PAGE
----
A police officer and a firefighter in Athol, Massachusetts, joined forces after authorities were alerted that Natalie Maltais had been taken.
Officers used GPS in the girl’s mobile phone to find her approximate location.
They fed the co-ordinates into Google Street View, pinpointing a hotel where the child was subsequently found.
The alarm was raised after grandmother Rose Maltais picked up Natalie from the child’s legal guardians for what was supposed to be a weekend away.
She “said that she wasn’t going to return Natalie and then left the state”, Athol police chief Timothy Anderson told the BBC.
The police contacted Ms Maltais, but after she didn’t return Natalie as promised, they decided to track them down using Natalie’s mobile phone.
Since 2005, US law says that mobile phone providers must be able to locate 67% of callers within 100 metres and 95% of callers within 300 meters.
This requirement has led to GPS capability in most new mobile phones in the US.
“This is very useful, although we can only use it in emergency situations such as when a person is missing or lost, or a life is in danger,” said chief Anderson.
Knowing this, police officer Todd Neale contacted the mobile phone provider, AT&T, which gave him GPS coordinates every time the phone was activated. Police must submit a compliance form to the phone provider to request location information.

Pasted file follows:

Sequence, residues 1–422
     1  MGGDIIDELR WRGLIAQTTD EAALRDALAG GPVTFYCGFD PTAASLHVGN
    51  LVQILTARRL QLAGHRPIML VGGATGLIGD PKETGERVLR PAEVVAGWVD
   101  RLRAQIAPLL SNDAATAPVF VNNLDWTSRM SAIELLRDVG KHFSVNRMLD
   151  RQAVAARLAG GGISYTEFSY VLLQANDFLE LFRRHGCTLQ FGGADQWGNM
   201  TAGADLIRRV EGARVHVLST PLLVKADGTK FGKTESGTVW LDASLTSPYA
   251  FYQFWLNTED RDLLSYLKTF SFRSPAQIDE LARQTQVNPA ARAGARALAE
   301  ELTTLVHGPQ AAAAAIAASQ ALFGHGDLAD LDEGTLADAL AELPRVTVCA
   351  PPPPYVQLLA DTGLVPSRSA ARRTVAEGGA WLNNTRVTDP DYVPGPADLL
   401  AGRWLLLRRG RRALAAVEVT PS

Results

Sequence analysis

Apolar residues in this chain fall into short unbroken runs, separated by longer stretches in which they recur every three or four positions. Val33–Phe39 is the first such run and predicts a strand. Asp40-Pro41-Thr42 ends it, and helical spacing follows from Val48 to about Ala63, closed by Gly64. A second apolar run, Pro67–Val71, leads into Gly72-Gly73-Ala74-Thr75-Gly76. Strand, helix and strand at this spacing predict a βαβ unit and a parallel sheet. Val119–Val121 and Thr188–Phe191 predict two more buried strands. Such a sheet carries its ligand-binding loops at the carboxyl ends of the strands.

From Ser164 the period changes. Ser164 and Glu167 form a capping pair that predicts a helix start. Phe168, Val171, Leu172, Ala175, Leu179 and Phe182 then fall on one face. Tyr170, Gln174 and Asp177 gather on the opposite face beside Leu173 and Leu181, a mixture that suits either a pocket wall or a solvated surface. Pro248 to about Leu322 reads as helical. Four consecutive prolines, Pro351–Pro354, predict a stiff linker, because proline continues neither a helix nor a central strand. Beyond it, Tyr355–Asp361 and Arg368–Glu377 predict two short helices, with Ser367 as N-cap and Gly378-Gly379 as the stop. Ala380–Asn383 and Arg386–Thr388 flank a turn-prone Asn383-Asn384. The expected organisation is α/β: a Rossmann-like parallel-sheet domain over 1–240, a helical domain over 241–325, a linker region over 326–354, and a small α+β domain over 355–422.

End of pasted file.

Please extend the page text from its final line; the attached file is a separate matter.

Officer Neale then got in touch with Athol’s deputy fire chief Thomas Lozier who had previously used GPS to direct firefighters tackling forest and brush fires, and to find lost hikers.
“Last spring, there was an incident where the cell phone transmitted the co-ordinates of some people lost in a local conservation area,” deputy chief Lozier explained.
“We tracked them down using hand-held GPS units and within an hour we’d gotten them back.”
He used mapping software to determine the location of the co-ordinates given to him by Officer Neale over the radio. Then he turned to Google.
Athol’s deputy fire chief, Thomas Lozier, spotted the hotel where Natalie was later found on Google Street View
“As soon as the officer said to me, ‘I wonder how we can research the area’, I thought of it,” he said.
He found the location on Google maps and looked at the Street View, which shows eye-level photographs of the area. That’s when he spotted a nearby hotel.
“I noticed the hotel in the area, and as I was panning the map, I was able to see the road sign at the intersection,” he said.
He used Google to search for hotels near that intersection and found the Budget Inn in Natural Bridge, Virginia.
Officer Neale alerted the Virginia state police, who found the missing child and her grandmother in the hotel as predicted.
The deputy fire chief said how happy he was with the outcome of his team effort with Officer Neale.
“It was brilliant,” he said. “Half an hour later, he called me [on my walkie-talkie] at home. I had my home computer ready to go and he informed me that it had been successful.”